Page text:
The National Association of Realtors just released its 2017 Profile of Home Buyers and Sellers, and there are lots of interesting tidbits. Let’s explore 10 of them.
88% of Recent Buyers Financed Their Home Purchase
First things first, an overwhelming share of recent home buyers used a mortgage to finance their home purchase, as opposed to buying a home with all cash. Typically, this is out of necessity not preference.
And for those who did use a mortgage, they generally financed 90% of the home purchase, meaning they put down just 10%. Doing so means they must pay mortgage insurance.
Mortgage rates are also less favorable if you put down less than 20%.
Down Payments Getting Lower for First-Timers
Speaking of down payments, they’re going down for first-time home buyers thanks to higher listing prices.
The typical down payment for first-timers was just five percent, down from six percent a year ago and matching the lowest point since 2013.
Repeat buyers were a different story, benefiting from higher sales prices by putting down 14% on subsequent home purchases, up from 11% in 2016.
Mortgages Easier to Get, Conventional Is King
Fewer home buyers indicated problems obtaining a mortgage, with only 34% saying the mortgage application and approval process was somewhat or much more difficult than they had expected.
That number was down from 37% a year earlier, thanks to the improved financial health of borrowers and an easing in credit standards.
Some 58% of borrowers went with a conventional home loan, while 34% of first-time buyers chose the FHA, up from 33% last year but well below the 46% share seen five years ago.
Buyers Paid 98% of List Price
Everyone knows it’s a seller’s market, and that’s evident in the sale-to-list ratio, which stood at 98%. That means most homes are selling right at their list price, instead of experiencing price reductions.
And 42% of buyers paid list price or higher for their homes, which is up from 40% a year ago and a new survey high that goes back to 2007. Home buyers in the West were most likely (51%) to pay at or above list price for their properties.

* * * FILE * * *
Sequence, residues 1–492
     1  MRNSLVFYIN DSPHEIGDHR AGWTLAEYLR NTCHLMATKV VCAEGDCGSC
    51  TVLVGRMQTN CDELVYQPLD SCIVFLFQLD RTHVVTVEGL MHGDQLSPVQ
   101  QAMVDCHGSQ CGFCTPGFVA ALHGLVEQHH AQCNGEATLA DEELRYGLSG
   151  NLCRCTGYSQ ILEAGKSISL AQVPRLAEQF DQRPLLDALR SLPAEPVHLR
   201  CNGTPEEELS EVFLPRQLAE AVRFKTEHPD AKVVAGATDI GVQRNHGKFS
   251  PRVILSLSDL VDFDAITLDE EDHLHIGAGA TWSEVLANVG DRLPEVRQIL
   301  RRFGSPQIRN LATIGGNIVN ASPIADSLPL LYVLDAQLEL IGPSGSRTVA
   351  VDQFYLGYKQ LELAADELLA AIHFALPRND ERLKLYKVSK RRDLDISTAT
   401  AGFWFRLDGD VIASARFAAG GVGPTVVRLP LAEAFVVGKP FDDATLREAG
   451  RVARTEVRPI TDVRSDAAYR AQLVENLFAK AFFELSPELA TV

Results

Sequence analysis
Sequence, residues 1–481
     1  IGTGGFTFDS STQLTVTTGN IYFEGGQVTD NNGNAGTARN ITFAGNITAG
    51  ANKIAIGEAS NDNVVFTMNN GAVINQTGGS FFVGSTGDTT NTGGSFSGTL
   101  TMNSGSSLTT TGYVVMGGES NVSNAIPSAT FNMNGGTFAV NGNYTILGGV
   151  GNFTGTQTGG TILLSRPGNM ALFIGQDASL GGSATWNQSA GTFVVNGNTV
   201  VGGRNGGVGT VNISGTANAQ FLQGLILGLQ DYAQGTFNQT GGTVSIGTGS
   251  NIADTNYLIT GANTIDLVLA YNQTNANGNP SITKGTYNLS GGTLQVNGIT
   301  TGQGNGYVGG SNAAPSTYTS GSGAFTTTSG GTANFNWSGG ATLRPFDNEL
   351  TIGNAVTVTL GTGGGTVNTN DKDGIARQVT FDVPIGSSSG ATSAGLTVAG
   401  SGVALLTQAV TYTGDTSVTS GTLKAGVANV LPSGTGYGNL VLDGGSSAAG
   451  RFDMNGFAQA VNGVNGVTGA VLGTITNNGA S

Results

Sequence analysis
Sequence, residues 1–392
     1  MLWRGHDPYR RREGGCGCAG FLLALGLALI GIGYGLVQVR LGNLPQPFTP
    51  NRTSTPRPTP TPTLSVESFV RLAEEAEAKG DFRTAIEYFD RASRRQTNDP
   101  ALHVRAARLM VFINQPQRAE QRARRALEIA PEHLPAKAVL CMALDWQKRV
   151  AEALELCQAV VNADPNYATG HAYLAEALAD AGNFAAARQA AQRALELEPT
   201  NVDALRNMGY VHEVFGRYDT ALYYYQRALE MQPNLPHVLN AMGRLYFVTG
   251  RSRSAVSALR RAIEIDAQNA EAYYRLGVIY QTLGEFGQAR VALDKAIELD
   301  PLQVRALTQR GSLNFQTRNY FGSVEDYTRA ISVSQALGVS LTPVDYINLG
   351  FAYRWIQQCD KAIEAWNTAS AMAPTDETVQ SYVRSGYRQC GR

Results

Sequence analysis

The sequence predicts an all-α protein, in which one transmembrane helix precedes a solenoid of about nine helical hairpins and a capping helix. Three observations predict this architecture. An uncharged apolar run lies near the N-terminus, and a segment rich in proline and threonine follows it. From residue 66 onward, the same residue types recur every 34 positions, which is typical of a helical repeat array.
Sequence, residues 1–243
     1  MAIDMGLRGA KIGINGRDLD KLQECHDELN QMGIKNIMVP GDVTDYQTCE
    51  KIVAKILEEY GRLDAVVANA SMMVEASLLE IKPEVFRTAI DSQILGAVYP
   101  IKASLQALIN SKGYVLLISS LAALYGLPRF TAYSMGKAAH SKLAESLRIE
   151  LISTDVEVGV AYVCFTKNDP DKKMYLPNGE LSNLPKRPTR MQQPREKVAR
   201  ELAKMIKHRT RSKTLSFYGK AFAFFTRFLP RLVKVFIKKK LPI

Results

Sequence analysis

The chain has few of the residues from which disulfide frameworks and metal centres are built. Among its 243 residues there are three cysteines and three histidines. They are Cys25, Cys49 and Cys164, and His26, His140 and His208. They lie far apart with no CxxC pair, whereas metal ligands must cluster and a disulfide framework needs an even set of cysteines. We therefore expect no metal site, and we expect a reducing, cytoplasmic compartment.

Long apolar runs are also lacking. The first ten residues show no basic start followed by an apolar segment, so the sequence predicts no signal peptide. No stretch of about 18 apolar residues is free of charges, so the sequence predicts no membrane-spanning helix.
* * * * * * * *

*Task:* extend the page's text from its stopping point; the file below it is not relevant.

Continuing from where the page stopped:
Suburbia Is Still Alive and Kicking
While there’s been a lot of buzz about moving to the big city, it turns out the suburbs are still the most popular, though that might be a symptom of affordability and not choice.
The majority of buyers (85%) continue to choose a home in a suburb, small or rural area, instead of in an urban one (13%). A year ago, 14% of buyers moved to the city.
And 83% of buyers bought a single-family home, while just 11% of purchases were of multi-family homes, including townhomes and condos.
Homeowner Tenure Hits All-Time High
Today’s seller was in their home for a full decade before selling, a number that matches the all-time high seen last year and in 2014.
Before 2009, it was common for homeowners to live in their properties a median six years before selling.
This calls into question the popularity of the 30-year fixed, which comes at a premium to shorter-term ARMs that could potentially save borrowers a lot of money if they don’t stay for long.
Today’s buyer expects to stay in their home for 15 years, with 18% saying they’ll never move.
Typical Buyer Was 45 Years Old, Sellers Were 55
The typical home buyer was aged 45, while the average home seller was 55. Median household income for buyers increased to $88,800, while sellers made a median $103,300.
The share of first-time home buyers fell to 34%, the fourth lowest share since 1981, and down slightly from 35% in 2016.
New homes accounted for 15% of sales, with previously owned homes claiming the remaining 85%.
The most common reason to buy a home was the desire to own a home of their own, while sellers most commonly sold because their properties were too small, or to move closer to friends, family, or a job.
Home Sellers Realized Nearly $50k Equity Gain
It’s been good to be a seller recently, with the typical home seller realizing a $47,500 median home equity gain, up from $43,100 last year.
That represents a 26% gain over the original purchase price, up from 24% in 2016.
Those who purchased six or seven years ago saw an even better return at 27%, while those who held for 21 years had the largest equity gain of 104%.
Imagine if these same people sold back in 2012 – it pays to be able to afford your mortgage through thick and thin.
Websites Considered Most Useful Resource
This counters a different study I recently wrote about it. While 79% of recent home buyers said their agent was a very useful information source, they felt websites were the most useful.
Some 88% of respondents felt websites were best when it came to information sources, and 42% of recent buyers looked at properties online as a first step. Then they contacted a real estate agent.
Forty-two percent of home buyers (64% of home sellers) said their agent was referred to them by a friend, neighbor, or relative, and more importantly, around 70% of buyers and sellers only spoke to one real estate agent. So being the first to make contact is very important.
FSBO Listings Still Highly Unpopular, Realtors Getting High Marks
NAR also pointed out that for-sale-by-owner listings continue to be seldom used by sellers, with only an eight percent share of recent sales.
This is the lowest share recorded since the report started in 1981, though it also matches numbers seen over the past two years.
Meanwhile, 88% of buyers were satisfied with the selling process, with 85% saying they would definitely or probably use their real estate agent again and/or recommend him or her.
The question is if new fintech companies like Opendoor and Redfin Now are making a dent, or are going to in the near future.